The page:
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Proposal would keep Ohio on Daylight Saving Time

Special to the Legal News

Published: December 2, 2019

Lawmakers in the Ohio Senate gave a third hearing to bill meant to end the state's adherence to Daylight Saving Time, which most notably advances clocks an hour in late winter-early spring only to be returned to standard time in the fall.
Come next March, the Buckeye State would "spring forward" one final time to remain in perpetual daylight-saving mode if the state's Sunshine Protection Act is enacted.
Filed as Senate Bill 119, the measure would end the twice-annual practice of adjusting clocks and household appliances March 8.
"This is an important discussion to have given how modern technology has changed the way we live our lives today, as well as the fact nobody enjoys the 'spring forward' and losing an hour of sleep," said a joint sponsor of the bill, Sen. Bob Peterson, R-Washington Court House.
Daylight Saving Time - first instituted in the United States during World War I - was devised to extend daylight working hours in order to use less artificial light and save fuel for the war effort, a press release detailed. The effects of technological advancements over the years, however, have led to a reduction in power consumption by ever-more-efficient artificial lighting.
"Ohio's Sunshine Protection Act would provide daylight later in the day all year long and eliminate the generally loathed switching of the clocks twice a year," said fellow joint sponsor Sen. Kristina Roegner, R-Hudson. "As I heard once, clocks are meant to go around and around - not jump back and forth."
The bill would require the state to observe permanent Daylight Saving Time, notwithstanding a federal law that indicates Congress' intent to supersede any state law that does not comply with requirements that include the entire state observing any deviation from the standard.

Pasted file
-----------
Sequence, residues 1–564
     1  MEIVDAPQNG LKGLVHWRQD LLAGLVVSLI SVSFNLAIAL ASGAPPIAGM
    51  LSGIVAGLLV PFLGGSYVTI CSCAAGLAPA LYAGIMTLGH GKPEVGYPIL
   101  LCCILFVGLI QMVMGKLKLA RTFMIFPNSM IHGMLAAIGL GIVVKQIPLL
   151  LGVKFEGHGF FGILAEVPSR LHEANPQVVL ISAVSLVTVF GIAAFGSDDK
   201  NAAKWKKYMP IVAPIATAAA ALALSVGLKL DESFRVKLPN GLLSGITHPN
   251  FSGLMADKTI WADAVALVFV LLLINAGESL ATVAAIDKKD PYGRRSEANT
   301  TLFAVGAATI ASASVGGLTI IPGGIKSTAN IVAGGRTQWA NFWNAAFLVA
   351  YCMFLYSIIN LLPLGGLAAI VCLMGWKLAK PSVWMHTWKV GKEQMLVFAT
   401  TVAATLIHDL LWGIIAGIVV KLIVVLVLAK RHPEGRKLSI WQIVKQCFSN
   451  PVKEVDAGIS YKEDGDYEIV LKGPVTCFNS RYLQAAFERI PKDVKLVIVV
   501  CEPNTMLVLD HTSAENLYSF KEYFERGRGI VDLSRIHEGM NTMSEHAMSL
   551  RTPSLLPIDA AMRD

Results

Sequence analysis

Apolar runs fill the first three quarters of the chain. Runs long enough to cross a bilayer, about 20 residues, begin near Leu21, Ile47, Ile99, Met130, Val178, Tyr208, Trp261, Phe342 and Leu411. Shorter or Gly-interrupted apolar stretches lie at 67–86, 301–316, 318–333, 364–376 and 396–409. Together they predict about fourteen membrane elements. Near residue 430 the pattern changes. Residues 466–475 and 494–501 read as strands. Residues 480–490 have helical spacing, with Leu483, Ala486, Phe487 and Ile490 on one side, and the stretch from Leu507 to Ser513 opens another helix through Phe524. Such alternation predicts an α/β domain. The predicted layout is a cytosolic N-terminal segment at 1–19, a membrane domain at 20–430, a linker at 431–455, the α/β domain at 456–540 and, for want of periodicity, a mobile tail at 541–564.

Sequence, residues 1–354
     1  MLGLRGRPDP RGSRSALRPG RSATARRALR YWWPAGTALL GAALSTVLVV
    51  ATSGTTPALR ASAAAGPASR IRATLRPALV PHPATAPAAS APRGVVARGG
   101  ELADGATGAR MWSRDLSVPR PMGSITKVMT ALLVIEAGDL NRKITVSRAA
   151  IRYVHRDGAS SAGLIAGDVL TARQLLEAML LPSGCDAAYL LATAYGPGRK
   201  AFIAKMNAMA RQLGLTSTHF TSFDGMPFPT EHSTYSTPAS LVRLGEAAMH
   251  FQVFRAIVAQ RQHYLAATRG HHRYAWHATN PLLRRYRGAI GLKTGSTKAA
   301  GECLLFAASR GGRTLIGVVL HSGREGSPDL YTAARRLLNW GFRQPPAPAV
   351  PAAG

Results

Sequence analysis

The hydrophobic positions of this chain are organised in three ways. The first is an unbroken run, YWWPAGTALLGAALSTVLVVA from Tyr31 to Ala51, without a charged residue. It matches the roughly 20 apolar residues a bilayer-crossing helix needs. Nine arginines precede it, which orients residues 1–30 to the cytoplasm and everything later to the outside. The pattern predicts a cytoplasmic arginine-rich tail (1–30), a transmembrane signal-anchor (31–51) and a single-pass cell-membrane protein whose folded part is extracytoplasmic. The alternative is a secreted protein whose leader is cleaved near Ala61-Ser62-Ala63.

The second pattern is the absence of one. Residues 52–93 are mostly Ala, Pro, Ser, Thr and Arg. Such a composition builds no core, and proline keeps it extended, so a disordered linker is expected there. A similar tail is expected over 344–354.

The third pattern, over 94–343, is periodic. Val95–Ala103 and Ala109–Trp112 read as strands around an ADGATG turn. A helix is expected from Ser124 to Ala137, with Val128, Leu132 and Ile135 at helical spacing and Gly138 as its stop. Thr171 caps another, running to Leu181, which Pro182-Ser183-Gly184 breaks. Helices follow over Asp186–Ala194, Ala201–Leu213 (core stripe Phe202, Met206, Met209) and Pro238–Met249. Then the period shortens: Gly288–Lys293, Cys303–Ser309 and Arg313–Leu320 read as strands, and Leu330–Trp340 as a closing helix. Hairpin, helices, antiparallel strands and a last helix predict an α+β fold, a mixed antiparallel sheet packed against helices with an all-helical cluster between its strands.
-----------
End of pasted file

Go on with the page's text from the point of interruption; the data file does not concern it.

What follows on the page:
Additionally, the U.S. Secretary of Transportation may obtain an injunction to prevent any state from violating the law, analysis of the bill provided by the Ohio Legislative Service Commission noted.
"The Supremacy Clause of the United States Constitution prohibits a state from establishing laws that are contrary to federal laws," attorney Helena Volzer wrote for the commission. "When there is a conflict between a state law and federal law, the federal law, subject to other provisions of the U.S. Constitution, supersedes or preempts the state law."
Volzer concluded that the Transportation secretary could initiate an injunction to preclude the bill's efficacy, if enacted.
The lawmakers provided data from the National Bureau of Economic Research, which found that - contrary to the policy's intent - Daylight Saving Time increases residential electricity demand.
A published study found that estimates of the overall increase are approximately 1 percent, though not consistently throughout the period. The greatest increase in electricity consumption is in the fall, when estimates range between 2 and 4 percent, the study detailed.
Two senators have signed on as cosponsors of the bill, which had not been scheduled a fourth hearing at time of publication.
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